The Best Advice My Dad Gave Me

Sometimes you get good advice and it’s not till much later that you realize the wisdom of the advice. Such is the case with advice from my dad. He often provided unsolicited advice about a host of things, which was usually unappreciated and not fully understood at the time. As a trainer for a large life insurance company he loved his job and was always in training mode, even at home. The best piece of advice he ever gave me was: Best Advice My Dad Ever Gave Me

A portion of everything you earn is yours to keep.

I found the advice to be totally obvious and pretty annoying. “Yeah dad, ALL of my money is mine to keep!” After I shouted back to him in the way only a 16 year old teenager (with a new job) can do, my dad calmly asked a series of questions. How much is gas? How much is it to go the movies? How much is it to repair your car? How much is it to buy clothes? After we got through listing out the things I spent my money on, I began to realize that this advice was not so dumb and obvious. By the time we got done with the list there was really no money left over. There was no money left over to save!
In the course of this conversation, he advised me to “pay yourself first” (another incarnation of the same advice- take your pick). He told me that if I did not pay myself first that I would have no money when I needed it. I would have no money for emergencies. I would have no money to buy a house. I would have no money to buy a new car. I would have no money to start a business. I would have no money to eat. Essentially, I would have no money for anything that I might like to do later. This was a scary prospect. Best Advice My Dad Ever Gave Me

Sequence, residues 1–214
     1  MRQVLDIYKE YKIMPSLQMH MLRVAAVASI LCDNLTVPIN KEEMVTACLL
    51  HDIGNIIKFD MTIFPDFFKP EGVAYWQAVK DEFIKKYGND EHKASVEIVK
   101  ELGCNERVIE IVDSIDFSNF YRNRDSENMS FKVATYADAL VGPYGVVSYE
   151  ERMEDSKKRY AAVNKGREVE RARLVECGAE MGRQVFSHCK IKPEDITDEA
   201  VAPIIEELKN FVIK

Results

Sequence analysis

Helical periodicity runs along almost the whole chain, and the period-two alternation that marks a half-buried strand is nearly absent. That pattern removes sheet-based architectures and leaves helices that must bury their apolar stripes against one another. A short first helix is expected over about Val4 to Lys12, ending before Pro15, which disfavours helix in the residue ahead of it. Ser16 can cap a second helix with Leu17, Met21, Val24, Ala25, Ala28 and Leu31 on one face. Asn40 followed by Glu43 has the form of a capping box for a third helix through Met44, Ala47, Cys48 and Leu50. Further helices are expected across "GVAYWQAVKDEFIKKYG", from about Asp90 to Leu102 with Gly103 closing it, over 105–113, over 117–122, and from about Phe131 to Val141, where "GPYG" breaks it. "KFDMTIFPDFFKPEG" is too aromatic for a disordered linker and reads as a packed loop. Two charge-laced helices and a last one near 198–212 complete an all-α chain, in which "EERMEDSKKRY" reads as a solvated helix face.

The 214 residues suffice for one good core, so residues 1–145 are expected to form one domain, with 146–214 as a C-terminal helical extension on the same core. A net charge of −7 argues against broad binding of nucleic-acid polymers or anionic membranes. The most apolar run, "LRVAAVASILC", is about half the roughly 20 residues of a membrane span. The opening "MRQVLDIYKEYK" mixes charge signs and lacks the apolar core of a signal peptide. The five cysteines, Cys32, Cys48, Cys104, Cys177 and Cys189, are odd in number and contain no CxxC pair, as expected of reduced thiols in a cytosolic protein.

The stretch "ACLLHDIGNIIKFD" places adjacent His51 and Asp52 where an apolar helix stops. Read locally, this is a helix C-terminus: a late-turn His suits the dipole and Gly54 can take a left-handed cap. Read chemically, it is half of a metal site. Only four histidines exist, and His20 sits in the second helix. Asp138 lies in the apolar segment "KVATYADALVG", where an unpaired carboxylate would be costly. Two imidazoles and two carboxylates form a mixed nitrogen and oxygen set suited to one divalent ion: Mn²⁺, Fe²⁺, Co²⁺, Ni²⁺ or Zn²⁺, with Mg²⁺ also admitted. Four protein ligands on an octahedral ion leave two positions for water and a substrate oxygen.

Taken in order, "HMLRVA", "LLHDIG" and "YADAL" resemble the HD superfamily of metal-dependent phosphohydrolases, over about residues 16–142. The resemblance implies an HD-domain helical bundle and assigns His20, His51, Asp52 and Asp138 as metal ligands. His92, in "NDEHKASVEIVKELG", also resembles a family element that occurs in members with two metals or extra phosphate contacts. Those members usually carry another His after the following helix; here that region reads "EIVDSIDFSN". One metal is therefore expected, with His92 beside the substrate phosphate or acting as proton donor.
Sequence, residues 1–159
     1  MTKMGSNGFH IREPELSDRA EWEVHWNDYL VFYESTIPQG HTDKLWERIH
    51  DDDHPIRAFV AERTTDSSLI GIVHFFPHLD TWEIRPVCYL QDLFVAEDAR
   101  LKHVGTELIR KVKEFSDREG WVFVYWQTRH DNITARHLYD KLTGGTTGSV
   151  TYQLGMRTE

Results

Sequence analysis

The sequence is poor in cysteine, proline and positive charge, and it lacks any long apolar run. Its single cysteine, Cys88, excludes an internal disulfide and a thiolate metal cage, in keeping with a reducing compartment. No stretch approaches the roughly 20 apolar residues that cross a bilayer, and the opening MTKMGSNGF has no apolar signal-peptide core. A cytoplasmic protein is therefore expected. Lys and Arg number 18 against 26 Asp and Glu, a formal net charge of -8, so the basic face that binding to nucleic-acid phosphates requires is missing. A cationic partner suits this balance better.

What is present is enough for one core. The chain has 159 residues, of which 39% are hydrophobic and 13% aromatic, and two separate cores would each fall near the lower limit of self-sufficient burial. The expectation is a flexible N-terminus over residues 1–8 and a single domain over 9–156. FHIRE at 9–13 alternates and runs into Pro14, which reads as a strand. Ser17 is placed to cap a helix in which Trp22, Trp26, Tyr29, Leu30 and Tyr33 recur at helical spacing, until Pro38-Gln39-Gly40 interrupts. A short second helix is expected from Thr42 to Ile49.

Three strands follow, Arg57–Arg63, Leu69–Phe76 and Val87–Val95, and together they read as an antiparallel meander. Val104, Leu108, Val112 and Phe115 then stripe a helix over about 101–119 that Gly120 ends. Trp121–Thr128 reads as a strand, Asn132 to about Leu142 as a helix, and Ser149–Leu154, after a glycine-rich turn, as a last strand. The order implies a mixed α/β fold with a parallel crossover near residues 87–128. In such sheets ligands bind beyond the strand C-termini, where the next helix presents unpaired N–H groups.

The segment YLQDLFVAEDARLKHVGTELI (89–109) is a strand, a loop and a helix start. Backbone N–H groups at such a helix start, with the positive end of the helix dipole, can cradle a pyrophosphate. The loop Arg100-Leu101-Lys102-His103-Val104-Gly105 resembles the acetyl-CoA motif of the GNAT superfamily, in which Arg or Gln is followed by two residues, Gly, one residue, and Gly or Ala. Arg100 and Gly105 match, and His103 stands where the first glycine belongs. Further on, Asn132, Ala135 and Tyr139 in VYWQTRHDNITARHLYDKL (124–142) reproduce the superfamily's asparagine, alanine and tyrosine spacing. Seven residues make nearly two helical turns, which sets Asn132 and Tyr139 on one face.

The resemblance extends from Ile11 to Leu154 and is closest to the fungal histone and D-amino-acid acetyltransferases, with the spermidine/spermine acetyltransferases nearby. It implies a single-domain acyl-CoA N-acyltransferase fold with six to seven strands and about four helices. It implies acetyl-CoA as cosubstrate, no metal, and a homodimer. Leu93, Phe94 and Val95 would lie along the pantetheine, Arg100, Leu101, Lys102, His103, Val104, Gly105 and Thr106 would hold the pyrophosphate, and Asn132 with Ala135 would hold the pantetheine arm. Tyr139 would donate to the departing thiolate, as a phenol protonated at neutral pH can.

As a life insurance agent and financial adviser, these words ring true to me daily. I talk to clients who have money and to those who do not. Those who have money (accumulated through their own hard work) have learned the discipline of paying themselves first. They treat their forced savings as a bill just like any other…

This article was sourced from Senior.com.

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